Schema, people: I have much more to tell. But it will have to await the gracious period of denouement after a holy pilgrimage.

We will board our flight home shortly. See you back in the homeland.

Saying goodbye to Jerusalem Regency hotel

Remember, man…

...you are dust, and to dust you shall return.
...you are dust, and to dust you shall return.

tseT.S. Eliot wrote a complex, difficult, breathtaking poem for Ash Wednesday.

The Holy Father keeps Ash Wednesday in the Dominican church of Santa Sabina, on the Aventine Hill in Rome. He approaches the church in a solemn procession down Via Santa Sabina from the church of San Anselmo, which is about a quarter mile away.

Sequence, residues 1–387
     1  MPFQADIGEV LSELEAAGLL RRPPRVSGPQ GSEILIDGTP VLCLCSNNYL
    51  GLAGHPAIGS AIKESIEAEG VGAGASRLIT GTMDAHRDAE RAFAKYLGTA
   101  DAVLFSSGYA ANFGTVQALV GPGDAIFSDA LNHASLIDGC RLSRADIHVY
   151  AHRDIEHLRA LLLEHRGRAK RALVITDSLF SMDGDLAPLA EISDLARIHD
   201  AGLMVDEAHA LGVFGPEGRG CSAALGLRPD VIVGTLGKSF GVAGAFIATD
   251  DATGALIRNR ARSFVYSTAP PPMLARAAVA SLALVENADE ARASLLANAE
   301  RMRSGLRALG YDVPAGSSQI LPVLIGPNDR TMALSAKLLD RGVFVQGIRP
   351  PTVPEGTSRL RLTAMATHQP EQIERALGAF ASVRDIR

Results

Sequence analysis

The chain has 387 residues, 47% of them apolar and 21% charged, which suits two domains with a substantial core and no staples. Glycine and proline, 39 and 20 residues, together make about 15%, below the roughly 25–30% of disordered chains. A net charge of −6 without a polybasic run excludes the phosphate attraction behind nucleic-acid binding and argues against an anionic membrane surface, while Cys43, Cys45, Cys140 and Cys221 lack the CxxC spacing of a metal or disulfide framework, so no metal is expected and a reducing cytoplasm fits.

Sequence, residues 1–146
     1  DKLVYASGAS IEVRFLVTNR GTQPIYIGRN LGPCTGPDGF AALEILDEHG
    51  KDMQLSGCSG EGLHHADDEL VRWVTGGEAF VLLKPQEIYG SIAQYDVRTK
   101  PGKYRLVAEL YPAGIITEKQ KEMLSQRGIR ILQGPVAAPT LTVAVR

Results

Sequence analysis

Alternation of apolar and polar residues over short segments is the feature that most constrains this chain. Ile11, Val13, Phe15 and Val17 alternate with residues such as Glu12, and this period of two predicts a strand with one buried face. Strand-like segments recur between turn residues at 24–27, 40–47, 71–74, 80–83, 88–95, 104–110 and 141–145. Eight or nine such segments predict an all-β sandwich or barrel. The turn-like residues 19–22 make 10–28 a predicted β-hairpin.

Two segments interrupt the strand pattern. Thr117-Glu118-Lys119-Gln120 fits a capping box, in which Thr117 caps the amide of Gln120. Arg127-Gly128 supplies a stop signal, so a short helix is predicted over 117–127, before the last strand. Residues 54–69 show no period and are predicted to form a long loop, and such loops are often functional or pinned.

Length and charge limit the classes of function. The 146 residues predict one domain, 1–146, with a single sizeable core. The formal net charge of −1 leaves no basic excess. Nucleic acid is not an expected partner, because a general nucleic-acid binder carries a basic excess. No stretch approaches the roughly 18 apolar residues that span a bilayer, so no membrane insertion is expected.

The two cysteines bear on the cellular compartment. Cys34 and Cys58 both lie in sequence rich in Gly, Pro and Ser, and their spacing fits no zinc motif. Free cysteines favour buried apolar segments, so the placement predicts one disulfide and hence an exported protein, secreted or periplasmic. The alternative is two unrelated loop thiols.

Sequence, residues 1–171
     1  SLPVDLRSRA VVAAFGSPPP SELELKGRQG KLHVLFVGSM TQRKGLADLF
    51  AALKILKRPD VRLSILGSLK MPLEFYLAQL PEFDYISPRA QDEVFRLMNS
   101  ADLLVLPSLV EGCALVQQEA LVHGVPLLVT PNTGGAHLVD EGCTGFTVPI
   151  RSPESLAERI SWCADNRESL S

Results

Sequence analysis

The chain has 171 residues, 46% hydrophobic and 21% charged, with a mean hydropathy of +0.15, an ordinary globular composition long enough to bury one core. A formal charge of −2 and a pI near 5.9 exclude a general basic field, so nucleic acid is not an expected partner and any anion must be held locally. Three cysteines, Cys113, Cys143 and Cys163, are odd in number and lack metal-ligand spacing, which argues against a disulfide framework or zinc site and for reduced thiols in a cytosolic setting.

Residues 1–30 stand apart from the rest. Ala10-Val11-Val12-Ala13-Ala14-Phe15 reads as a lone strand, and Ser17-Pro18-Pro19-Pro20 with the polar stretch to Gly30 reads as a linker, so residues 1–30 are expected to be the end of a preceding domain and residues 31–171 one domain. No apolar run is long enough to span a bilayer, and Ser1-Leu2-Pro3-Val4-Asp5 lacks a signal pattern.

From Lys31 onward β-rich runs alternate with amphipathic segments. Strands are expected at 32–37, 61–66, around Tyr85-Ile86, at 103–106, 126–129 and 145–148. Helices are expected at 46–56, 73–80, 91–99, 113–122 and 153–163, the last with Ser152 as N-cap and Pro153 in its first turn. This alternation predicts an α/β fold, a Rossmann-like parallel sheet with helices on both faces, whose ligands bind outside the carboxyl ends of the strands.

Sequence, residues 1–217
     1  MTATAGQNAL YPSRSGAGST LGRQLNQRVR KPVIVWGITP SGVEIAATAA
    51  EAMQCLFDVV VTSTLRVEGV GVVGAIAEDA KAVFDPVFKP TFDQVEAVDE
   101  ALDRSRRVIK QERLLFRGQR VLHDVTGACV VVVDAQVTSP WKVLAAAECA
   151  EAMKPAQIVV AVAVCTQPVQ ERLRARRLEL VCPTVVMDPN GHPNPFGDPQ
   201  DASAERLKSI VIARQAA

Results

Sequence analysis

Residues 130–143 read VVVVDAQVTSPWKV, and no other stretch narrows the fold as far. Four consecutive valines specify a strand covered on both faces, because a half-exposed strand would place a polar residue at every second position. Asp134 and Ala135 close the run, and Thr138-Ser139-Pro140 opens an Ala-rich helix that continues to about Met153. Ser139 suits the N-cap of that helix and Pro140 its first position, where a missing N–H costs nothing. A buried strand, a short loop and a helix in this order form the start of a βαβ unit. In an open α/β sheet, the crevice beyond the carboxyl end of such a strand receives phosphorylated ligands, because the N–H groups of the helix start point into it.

Continue reading “Remember, man…”

New Features

I know this weblog gets tedious sometimes, and you feel like you want to cancel your subscription and get your money back. But check out the new “Daily Dunk” feature above!

Church of the Holy Sepulcher
Church of the Holy Sepulcher

Also, for the first time ever, you can click on a link here and go straight to an Adobe acrobat .pdf file!

If you are thinking about going to the Holy Land, and you know how to manage Adobe Acrobat, then peruse this interesting brochure.

If you are like me, you do NOT know how to manage Adobe Acrobat.

I would be glad to mail you a brochure using an actual envelope and stamp. You can send me your address at mwhite@adwparish.org.

The Upper Room
The Upper Room

Sea of Galilee
Sea of Galilee